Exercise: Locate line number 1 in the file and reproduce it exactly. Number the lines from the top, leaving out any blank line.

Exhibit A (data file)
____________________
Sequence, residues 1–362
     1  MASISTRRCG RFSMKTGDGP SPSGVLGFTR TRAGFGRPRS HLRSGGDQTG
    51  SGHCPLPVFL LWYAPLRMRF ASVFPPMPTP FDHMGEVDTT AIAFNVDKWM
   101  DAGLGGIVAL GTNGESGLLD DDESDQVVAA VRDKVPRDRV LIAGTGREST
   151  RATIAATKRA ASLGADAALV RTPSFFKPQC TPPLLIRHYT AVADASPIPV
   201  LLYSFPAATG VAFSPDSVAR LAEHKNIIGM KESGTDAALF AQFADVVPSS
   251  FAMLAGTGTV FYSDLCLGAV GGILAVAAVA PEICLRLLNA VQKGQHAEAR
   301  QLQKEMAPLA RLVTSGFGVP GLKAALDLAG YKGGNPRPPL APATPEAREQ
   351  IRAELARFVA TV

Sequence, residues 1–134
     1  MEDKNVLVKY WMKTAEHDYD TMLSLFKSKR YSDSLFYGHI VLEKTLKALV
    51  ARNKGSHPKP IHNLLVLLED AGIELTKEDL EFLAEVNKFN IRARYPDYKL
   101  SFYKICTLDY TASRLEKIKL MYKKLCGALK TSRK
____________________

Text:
Sequence, residues 1–362